But, he warns, the regulatory push could incentivise some retail investors to use riskier, unlicensed exchanges outside Hong Kong’s regulatory remit. There is also a risk, he adds, that publicly available information about licensed exchanges will increase opportunities for scammers. OSL, for example, has been targeted by scammers who contact victims pretending to be members of its management — in effect, using the company’s reputation against it.
“It’s very hard to tell people not to fall victim to very, very convincing scammers,” says Tiu. “[They] will also find it easier to pick up certain names . . . and impersonate them using all . . . the tricks we usually see in a lot of the online scams, like phishing.”
Lawyers are trying to find a way to reconcile the regulator’s concerns about investor protection with the ambitions of crypto groups, to deliver a more freewheeling way of operating, says Michael Wong, partner at Dechert. He advises hedge funds and exchanges on gaining licences from the Hong Kong regulator.
“They [the SFC] want to open up the industry but, at the same time, they always have concerns about investor protection,” says Wong.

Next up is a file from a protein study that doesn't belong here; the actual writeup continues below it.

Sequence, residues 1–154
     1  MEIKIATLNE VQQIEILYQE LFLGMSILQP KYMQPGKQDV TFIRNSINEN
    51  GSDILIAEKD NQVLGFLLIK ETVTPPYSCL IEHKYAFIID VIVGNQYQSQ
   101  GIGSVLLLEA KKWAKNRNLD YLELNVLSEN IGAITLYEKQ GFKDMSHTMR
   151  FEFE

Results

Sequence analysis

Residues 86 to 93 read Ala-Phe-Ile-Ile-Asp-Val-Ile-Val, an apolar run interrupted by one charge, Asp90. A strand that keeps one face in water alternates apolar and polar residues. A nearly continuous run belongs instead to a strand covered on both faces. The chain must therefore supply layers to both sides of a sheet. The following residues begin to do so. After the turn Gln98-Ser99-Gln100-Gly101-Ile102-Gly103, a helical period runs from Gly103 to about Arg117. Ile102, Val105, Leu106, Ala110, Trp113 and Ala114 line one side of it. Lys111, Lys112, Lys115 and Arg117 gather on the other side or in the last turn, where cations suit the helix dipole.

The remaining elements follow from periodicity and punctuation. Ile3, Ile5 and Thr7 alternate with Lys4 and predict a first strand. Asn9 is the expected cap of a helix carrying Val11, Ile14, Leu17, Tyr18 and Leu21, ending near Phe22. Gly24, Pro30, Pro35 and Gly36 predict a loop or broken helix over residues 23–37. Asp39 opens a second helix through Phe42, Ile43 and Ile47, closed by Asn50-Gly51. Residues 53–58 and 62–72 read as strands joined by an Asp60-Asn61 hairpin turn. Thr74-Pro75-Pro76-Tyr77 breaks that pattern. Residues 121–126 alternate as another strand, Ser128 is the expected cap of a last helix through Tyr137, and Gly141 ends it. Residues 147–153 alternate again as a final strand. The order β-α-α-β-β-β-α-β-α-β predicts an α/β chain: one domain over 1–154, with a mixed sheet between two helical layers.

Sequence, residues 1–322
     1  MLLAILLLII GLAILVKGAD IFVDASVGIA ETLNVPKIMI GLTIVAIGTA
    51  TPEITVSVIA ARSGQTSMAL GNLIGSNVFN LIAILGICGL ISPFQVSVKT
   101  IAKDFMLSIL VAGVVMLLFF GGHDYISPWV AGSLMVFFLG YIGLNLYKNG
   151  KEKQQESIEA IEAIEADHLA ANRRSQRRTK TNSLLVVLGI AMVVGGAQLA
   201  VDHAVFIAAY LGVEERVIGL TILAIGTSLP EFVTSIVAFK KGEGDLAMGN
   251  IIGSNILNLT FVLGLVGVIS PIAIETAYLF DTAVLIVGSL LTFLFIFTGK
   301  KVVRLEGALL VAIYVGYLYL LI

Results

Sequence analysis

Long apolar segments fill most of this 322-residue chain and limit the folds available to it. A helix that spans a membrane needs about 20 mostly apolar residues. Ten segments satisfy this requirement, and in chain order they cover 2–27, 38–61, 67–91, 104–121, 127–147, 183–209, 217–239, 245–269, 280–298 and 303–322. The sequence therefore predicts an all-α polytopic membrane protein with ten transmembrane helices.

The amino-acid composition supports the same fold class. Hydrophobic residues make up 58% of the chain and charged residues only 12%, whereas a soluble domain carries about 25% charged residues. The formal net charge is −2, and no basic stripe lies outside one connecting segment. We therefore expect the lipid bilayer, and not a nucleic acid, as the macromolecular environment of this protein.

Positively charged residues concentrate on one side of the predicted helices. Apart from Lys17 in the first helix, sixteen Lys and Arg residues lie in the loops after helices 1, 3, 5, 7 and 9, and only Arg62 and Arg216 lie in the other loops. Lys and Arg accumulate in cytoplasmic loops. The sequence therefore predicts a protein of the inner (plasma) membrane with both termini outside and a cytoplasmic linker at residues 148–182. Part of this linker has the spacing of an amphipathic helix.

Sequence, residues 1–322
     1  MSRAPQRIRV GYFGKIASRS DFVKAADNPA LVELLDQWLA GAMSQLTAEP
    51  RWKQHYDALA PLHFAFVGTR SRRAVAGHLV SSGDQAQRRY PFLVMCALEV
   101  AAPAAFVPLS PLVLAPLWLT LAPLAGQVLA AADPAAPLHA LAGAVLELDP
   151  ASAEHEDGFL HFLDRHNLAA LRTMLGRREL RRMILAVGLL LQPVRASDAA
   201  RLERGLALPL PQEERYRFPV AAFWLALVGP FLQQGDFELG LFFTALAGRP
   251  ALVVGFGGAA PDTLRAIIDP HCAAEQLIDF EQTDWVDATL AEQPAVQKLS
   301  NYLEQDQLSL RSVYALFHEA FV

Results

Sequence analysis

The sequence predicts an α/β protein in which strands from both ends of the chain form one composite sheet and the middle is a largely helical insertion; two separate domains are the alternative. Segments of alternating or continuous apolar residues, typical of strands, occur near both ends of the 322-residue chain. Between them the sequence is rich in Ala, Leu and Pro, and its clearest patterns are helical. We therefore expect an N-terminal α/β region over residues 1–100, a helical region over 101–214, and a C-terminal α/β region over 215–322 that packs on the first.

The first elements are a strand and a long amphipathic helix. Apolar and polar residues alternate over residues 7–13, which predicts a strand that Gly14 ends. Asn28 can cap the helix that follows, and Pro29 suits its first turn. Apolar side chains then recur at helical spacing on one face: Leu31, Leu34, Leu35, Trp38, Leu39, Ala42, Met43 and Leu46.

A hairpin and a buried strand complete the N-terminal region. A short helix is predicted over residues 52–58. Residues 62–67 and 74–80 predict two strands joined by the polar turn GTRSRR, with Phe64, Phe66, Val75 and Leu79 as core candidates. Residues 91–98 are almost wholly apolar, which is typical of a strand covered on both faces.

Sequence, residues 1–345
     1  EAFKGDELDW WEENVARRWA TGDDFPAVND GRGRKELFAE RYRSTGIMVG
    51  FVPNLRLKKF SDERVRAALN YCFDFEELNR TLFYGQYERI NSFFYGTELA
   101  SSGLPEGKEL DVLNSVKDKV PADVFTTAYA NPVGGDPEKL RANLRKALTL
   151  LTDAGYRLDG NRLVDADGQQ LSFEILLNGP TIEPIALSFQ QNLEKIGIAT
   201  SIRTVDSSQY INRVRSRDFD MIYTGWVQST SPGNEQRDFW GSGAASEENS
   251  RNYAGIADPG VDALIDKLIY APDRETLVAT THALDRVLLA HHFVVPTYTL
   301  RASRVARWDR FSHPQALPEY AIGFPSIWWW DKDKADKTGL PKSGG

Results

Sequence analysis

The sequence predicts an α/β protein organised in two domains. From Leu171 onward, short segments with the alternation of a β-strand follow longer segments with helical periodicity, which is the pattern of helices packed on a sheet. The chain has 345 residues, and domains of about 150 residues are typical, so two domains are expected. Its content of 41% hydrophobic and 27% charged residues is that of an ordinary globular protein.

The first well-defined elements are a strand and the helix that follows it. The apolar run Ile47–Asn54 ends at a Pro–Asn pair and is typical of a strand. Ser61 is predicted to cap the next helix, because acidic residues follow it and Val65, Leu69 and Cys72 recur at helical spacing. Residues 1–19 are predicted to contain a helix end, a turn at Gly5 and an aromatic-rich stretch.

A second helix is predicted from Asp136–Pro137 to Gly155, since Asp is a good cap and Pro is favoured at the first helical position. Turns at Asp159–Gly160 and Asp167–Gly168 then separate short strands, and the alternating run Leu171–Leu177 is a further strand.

The SFC says it has reminded investors of the risks involved in using virtual assets platforms and will ensure its regulatory regime “strikes the appropriate balance between investor protection and support for innovation”.
Wong and Jason Chan, a Dechert associate, have already helped crypto-only hedge fund Fore Elite Capital Management acquire a licence from the SFC, and then expand the conditions of that licence to allow it to invest in the top 100 most traded cryptocurrencies and derivatives. Previously, the company’s licence permitted nothing but long-only trading positions in the top 20 coins.
The SFC’s growing expertise in dealing with cryptocurrencies following Hong Kong’s digital assets push has also helped Dechert increase the regulator’s comfort level with a “riskier, aggressive strategy”, says Wong.
The law firm has had a number of inquiries from groups seeking to find out about the “widest scope” the SFC will license them to operate under.
“That’s how the crypto world was formed; they wanted a free world free of regulations,” Wong observes. “We are . . . striking a balance between the free world and what’s actually happening in reality.”